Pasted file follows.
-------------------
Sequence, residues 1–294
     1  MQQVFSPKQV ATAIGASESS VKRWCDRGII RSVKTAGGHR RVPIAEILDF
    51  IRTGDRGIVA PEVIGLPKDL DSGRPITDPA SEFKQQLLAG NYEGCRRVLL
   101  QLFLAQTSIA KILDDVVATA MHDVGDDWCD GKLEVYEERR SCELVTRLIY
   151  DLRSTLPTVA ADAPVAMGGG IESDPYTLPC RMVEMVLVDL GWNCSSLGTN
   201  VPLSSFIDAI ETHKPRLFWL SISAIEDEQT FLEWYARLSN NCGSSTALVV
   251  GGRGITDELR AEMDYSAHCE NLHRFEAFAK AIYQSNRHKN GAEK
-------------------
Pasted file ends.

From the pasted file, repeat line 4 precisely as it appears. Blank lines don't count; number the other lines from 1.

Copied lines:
   101  QLFLAQTSIA KILDDVVATA MHDVGDDWCD GKLEVYEERR SCELVTRLIY